Christopher Walken at Stratford

Canada 1968

(July 2002 Update New commentary from John Lazarus has been added after the last picture.)

My fantasy of obtaining a videotape of KID CHAMPION remains unfulfilled, but this is pretty groovy. Behold images of Christopher Walken appearing in ROMEO AND JULIET (as Romeo) and A MIDSUMMER NIGHT'S DREAM (as Lysander) at the Stratford Festival of 1968. This miracle came about when a co-worker's urchin, Jake Grussing, was assigned to sketch period costumes for class. Mom Carrie sought the assistance of UMM's Dean, noted Nabokov scholar Sam Schuman, who loaned her an antique theatre program. Rebecca the Walken fan peeked over her shoulder at the photos in the program and very nearly flipped.

Thanks to Deb Grant for the scans.

Romeo (Walken) with Mercutio
Christopher Walken as Romeo
with Leo Ciceri as Mercutio



Christopher Walken in ROMEO AND JULIET

The text beneath the photo reads: Christopher Walken - Romeo. Christopher Walken comes to the Stratford Festival from New York, where he recently played Achilles in the highly acclaimed off-Broadway production of "Iphigenia in Aulis", which starred Irene Pappas. The 25-year-old actor began his stage career as a dancer while still attending Hofstar [sic] University in Long Island, New York. His first performances were in such musicals as "Baker Street" and "West Side Story". In 1966 he won a Clarence Derwent Award for his portrayal of King Phillip in the Broadway production of "The Lion in Winter" and also appeared with the New York Shakespeare Festival. Mr. Walken's performance as Jack Hunter in the City Centre's revival of "The Rose Tatoo" won him a Theatre World Award. In 1967 he starred in the title role of Peter Ustinov's "The Unknown Soldier and His Wife." He joined the Stratford Festival Company last winter to play Lysander in the tour of "A Midsummer Night's Dream".

Walken as Lysander
Walken as Lysander in A MIDSUMMER NIGHT'S DREAM
The other actors are Jane Casson (Helena), Tedde Moore (Hermia), and Neil Dainard (Demetrius).



July 2002 Here's some material from a delightful email I've received recently. John Lazarus writes: 'I'm a Canadian playwright and screenwriter, and recently began teaching in the Drama Department at Queen's University, Kingston, Ontario. I'm writing to tell you that I saw [the Midsummer Night's Dream] production, and I remember noticing Walken and memorizing his name, though of course he wasn't well-known at the time. I have become a fan since those days, but I didn't think he was very good in that show. (I was a 20-year-old student at the National Theatre School of Canada, and had played Lysander in school, and knew everything.) I remember him delivering the first joke in the play -- "You have her father's love, Demetrius; Let me have Hermia's: do you marry him" -- straight out to the audience, in a way that struck me as phony. And I may be wrong about this, but I believe he either quit or got fired before the season was over.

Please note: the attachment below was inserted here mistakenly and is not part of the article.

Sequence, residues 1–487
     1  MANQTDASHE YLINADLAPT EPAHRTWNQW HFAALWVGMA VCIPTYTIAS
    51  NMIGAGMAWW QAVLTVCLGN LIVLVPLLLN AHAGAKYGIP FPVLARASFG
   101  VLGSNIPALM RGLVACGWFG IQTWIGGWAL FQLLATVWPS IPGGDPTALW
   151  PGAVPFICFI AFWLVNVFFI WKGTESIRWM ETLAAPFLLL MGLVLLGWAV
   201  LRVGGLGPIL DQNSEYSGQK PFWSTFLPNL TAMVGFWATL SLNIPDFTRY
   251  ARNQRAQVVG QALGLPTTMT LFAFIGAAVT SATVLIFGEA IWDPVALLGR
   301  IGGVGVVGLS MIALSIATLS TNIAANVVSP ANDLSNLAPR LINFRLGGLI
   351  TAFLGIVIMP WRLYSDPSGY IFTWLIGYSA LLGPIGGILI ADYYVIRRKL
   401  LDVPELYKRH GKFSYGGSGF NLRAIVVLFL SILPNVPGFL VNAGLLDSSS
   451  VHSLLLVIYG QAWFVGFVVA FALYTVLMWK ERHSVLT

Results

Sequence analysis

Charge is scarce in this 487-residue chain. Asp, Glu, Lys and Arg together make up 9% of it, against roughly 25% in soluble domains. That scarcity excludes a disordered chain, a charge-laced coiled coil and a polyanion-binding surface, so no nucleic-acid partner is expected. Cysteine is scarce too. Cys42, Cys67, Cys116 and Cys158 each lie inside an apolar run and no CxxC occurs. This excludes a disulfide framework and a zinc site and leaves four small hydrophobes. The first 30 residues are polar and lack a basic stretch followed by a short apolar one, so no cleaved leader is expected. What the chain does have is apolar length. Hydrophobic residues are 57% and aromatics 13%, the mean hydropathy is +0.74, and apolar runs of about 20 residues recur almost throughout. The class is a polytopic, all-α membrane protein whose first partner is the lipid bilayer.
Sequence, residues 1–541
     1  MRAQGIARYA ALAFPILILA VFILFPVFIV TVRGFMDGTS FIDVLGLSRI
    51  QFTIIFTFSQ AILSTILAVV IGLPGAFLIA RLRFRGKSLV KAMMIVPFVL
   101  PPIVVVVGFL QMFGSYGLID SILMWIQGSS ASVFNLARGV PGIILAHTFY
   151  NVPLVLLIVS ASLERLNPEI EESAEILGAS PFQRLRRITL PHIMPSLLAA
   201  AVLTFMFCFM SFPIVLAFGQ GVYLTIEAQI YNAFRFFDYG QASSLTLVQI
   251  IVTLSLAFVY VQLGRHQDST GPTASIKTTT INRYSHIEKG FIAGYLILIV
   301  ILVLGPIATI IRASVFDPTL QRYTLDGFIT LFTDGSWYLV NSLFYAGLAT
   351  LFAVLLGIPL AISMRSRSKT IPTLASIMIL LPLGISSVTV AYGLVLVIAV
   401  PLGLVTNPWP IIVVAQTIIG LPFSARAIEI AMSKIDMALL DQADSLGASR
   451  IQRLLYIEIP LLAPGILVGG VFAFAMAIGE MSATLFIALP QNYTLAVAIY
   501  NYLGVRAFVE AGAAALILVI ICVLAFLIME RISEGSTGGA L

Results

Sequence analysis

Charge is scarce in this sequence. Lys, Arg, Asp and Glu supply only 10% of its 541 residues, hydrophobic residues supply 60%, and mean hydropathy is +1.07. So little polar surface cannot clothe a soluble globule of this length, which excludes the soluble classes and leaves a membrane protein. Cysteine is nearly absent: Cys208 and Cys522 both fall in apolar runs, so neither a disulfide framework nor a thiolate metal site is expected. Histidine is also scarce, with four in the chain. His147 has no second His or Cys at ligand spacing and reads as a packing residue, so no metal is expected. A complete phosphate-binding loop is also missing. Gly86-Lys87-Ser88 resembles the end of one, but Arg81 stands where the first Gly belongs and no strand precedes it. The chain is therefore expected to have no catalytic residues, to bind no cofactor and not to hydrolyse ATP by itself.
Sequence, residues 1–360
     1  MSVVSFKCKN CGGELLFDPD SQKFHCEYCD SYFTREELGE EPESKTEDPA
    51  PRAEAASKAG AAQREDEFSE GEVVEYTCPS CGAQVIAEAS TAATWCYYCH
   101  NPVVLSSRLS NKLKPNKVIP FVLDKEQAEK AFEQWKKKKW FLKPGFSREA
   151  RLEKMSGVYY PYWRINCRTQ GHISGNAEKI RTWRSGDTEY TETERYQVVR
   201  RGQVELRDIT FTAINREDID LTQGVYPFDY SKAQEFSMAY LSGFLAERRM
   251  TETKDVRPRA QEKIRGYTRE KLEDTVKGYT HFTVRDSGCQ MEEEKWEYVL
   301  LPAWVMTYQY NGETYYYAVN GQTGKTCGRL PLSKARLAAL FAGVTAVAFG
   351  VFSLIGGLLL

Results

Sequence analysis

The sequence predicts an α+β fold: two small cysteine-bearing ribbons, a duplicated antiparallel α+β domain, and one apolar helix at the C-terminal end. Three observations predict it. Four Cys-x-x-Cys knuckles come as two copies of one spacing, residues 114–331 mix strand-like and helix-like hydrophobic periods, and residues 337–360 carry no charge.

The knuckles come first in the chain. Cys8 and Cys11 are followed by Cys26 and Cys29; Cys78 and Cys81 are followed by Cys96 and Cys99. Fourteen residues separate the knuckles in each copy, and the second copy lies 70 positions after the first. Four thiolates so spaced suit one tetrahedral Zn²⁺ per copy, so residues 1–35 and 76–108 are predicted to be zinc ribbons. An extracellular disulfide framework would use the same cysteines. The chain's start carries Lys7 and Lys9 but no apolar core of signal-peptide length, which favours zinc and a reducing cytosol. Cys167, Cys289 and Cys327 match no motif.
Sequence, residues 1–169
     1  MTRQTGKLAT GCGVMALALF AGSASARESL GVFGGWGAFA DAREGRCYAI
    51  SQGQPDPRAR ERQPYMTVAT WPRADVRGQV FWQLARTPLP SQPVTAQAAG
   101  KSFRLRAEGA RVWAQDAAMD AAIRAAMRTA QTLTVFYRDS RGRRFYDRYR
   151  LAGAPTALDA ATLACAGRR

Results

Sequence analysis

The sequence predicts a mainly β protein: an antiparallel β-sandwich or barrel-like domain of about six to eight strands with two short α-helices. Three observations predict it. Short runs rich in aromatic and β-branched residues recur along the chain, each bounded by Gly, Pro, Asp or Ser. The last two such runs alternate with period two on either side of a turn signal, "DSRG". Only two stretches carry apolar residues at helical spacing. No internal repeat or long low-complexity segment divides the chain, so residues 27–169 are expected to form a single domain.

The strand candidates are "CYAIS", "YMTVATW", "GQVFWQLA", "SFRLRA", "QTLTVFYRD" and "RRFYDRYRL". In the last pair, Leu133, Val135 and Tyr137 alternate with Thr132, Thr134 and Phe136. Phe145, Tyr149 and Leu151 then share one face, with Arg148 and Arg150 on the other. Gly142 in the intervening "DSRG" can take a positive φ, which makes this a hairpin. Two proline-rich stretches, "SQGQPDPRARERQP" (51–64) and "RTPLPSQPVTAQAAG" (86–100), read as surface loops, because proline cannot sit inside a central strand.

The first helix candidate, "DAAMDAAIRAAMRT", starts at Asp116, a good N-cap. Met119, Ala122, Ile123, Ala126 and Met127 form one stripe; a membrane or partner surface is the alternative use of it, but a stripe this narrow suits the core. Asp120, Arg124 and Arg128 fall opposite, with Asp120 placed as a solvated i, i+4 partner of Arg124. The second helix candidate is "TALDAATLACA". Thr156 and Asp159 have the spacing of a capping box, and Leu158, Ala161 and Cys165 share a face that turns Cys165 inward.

Footnotes: I became a "spear-carrier" (the lowest level of actor at that theatre, kind of like an extra) at Stratford the following summer, and did a very poor job. I reached my lowest point in the season when BLANK [an actress whose name I was asked to delete before sharing this material...RW] got drunk and yelled at me one night in the bar. Neil Dainard (pictured as Demetrius) went on to a distinguished career in Canadian film, theatre and television; he and I recently met again in Vancouver, and reminisced about those days. Leo Ciceri, pictured as Mercutio, was a wonderful actor and a very kind man, who died tragically in a car crash just a couple of years after those photos were taken.'

I'm Rebecca Webb and I can be reached via e-mail at:
webbrl@morris.umn.edu
Created: February 18, 1998. The views and opinions expressed in this page are strictly those of the page author. The contents of this page have not been reviewed or approved by the University of Minnesota.

The views and opinions expressed in this page are strictly those of the page author. The contents of this page have not been reviewed or approved by the University of Minnesota.